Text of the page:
Maricopa County relegated numerous election activities to its ballot printer Runbeck and then allowed them to trickle in thousands of ballots after election day, never providing exact counts of ballots received by Election Day.
We’ve already reported how the United States Postal Service (USPS) is heavily involved in the election process.
In Arizona, the USPS distributes and receives ballots across the state. In addition, there are massive voter registration drives before every election by organizations trying to stuff the registration systems. In Maricopa, the VRAS (Voter Registration Access System) stops accepting registrations on October 5th. Maricopa’s ballot printing vendor is Runbeck Election Services headquartered in Phoenix. The “QUALVOTER” list is pulled from VRAS and provided to Runbeck. They must begin mailing early ballots on October 7th, by law. However, the liberal organization Mi Familia waited until days before this deadline to file a lawsuit. They partnered with UnidosUS (LaRaza) and the Lincoln Project. The court changed this Oct. 5th deadline to the 23rd. A week later the date was changed to the 15th during an appeal by AG Mark Brnovich. Over 43,000 voter registrations were added during this extra 10 days of registration chaos.
Reviewing voter rolls from Dec-Feb show 860 residential locations had 10 or more registered voters, some with over 20. In fact, there were thousands of addresses with between 5 and 9 registered voters. The goal of nefarious actors would be to stuff VRAS with as many names and addresses as possible and ensure they make it on the QUALVOTER list sent to Runbeck. The “Deputy Registrar” initiative by County Recorder Adrian Fontes gave 638 volunteers from left-leaning groups, access to VRAS allowing them to process registration forms.
Like most ballot print shops, Runbeck delivers the sealed ballots directly to a USPS P&DC for distribution. In Phoenix this is a massive 400,000 sq. ft. facility with 56 letter sorting machines.
The Arizona USPS P&DC forwards those ballots out to the 74 U.S. Post Offices located around Maricopa County. Each local PO sorts the ballots by carrier routes and puts them in sequence for the line of travel (LOT). Ballots are then loaded into the vehicles used by the mail carriers (mailmen). These carriers typically have 350-700 locations on their daily routes. This includes apartments, centralized mailboxes, businesses, etc. A typical city ZIP code like those in Phoenix could require 15-30 carrier routes (mailmen) and have 15-25,000 total locations. The Tucson P&DC will soon be consolidated (closed). After that, every inbound and outbound ballot in Arizona will be processed at the Phoenix P&DC.
In 2020 there were 5,330 USPS mail carriers employed in Arizona. They deliver mail by “fleet or feet”. These are not the clerks, machine operators, or sorters. Maricopa County has 62% of Arizona’s population. This means roughly 3,300 USPS mail carriers were in possession of the 2,364,426 ballots sent to voters over the 24 election mail days in Arizona for 2020. Any completed ballots collected during their routes are sent back to the Phoenix P&DC. Maricopa election officials then pick up the completed mail-in ballots at this P&DC. A similar ballot delivery process to the above takes place all across America. But in Maricopa, when ballots are picked up at the Phoenix P&DC by election officials, they are not taken to the county tabulation center.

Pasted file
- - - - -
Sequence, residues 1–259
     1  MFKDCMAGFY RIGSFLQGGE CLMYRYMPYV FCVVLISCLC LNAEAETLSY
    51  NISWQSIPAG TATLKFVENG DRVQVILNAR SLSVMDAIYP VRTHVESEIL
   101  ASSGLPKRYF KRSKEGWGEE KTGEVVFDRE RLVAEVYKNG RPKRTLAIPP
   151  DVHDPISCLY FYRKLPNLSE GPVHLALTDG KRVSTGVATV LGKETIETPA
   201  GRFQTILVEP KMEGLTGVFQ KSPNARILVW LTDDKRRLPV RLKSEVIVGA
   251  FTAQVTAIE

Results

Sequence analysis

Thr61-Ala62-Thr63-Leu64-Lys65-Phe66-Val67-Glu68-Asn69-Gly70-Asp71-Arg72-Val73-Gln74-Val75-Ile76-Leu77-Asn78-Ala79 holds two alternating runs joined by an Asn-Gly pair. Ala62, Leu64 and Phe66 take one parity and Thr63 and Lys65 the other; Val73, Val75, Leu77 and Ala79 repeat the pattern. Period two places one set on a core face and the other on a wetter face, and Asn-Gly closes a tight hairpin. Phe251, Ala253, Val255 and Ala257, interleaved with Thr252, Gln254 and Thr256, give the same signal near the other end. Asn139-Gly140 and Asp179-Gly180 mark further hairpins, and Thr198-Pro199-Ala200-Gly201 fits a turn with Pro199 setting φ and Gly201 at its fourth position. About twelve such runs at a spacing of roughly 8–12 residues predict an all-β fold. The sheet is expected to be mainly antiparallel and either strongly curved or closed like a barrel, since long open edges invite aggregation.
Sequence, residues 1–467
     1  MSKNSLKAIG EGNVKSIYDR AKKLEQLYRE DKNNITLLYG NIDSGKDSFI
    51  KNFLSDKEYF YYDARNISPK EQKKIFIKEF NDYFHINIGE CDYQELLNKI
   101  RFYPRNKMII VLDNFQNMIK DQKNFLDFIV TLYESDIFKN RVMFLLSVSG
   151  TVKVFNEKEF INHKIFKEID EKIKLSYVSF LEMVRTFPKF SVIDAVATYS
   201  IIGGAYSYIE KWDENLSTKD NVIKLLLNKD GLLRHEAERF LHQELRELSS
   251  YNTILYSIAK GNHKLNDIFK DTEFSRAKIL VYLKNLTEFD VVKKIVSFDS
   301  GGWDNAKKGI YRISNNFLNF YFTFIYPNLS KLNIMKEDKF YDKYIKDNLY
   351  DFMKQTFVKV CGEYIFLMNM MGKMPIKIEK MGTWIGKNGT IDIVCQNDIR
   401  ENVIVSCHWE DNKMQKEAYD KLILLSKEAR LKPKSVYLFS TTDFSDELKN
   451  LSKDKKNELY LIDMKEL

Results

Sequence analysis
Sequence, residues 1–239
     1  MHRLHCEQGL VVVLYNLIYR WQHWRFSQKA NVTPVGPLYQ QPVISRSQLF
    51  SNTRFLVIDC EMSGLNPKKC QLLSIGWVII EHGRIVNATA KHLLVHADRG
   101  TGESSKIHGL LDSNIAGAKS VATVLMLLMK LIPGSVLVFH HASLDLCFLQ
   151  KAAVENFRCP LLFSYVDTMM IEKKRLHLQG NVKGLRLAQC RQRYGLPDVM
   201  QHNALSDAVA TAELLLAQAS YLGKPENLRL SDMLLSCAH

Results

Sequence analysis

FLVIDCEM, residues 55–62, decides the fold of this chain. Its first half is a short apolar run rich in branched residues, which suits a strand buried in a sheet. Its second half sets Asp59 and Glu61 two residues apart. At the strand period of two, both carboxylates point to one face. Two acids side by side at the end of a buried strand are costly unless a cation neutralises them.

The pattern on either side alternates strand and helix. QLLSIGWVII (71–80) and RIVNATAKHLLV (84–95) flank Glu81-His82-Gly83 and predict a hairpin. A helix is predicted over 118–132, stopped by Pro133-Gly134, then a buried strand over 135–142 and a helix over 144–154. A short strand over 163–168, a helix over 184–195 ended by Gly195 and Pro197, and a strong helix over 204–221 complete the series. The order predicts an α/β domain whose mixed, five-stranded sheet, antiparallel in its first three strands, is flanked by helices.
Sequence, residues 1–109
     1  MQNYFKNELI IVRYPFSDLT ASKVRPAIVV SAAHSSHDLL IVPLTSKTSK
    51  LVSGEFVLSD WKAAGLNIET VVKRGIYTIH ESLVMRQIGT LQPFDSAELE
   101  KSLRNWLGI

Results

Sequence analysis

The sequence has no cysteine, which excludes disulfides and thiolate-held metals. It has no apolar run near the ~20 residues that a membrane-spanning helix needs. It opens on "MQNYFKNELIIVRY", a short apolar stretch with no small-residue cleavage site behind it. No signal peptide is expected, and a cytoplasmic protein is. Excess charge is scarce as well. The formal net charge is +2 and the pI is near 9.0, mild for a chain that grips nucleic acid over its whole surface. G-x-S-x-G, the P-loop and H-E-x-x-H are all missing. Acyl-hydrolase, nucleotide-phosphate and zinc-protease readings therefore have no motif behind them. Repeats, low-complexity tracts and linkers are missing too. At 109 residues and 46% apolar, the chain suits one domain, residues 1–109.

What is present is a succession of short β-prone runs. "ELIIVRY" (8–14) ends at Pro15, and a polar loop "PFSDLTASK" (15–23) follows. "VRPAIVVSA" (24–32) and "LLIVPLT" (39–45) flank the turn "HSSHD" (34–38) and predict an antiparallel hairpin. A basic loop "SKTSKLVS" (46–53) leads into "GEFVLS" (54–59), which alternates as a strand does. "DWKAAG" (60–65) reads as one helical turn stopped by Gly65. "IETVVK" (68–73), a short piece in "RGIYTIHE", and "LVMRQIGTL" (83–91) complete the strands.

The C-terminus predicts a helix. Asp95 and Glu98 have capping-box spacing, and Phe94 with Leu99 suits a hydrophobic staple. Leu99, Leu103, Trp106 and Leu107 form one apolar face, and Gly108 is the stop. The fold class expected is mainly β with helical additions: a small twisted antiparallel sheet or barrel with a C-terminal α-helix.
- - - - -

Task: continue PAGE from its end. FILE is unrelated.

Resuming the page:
Runbeck is the first to receive completed mail-in ballots in Maricopa from the USPS. They store them in their Phoenix headquarters while scanning the outside signature area of the envelopes. This area also includes an optional date and phone number section. Runbeck provides these digital images to MCTEC (tabulation) poll workers who compare signatures to those on file. Those that do not match are separated from other ballots and Runbeck delivers both sets to MCTEC.
Next, the ballots are forwarded to poll workers who open the envelopes, remove ballots, and start the ballot tabulation process. None of the chain of custody documentation for ballots picked up at the P&DC or Runbeck were provided to Senate auditors. In fact, Recorder Adrian Fontes reduced absentee ballot scrutiny specifically for the 2020 election (see image below).
In the image below you can see that the inspection boxes were reduced from 3 to 2 in the lead up to the election. Again, no documentation validating the move of ballots between entities was provided to the auditors of the County’s election process.
We’ve reported on concerns with Runbeck previously. For one, the entity is connected to the Democrat party.
We’ve also reported on issues with ballots that appear to be tied to the printing companies. In Arizona, this would be Runbeck.
Maricopa never provided exact totals of uncounted ballots after November 3rd. On election night almost every County knew exactly how many ballots they had left to count. Maricopa would only provide a range, like the below (400K-430K ballots left). This went on for days after the election, always just ranges.
In fact, poll workers testified that MCTEC supervisors thought they were done counting several times. Then a Runbeck van would show up. If they never publish an exact total, new ballots can be injected as needed.
Finally, when the Arizona Senate finally started their audit of the 2020 Election results in Maricopa County, mail in ballots were in their audit scope and the images of all ballot envelopes were requested by the auditors. On April 27, 2021 Maricopa’s Supervisors stated these digital images of signatures had been delivered to Senate auditors. They resisted for months while making disparaging comments about the auditors. Maricopa finally delivered these images on August 19th, without any apology. We have no idea what was being done to these ballot envelopes and images during these months when the County claimed wrongly that these images had been provided to the Senate auditors.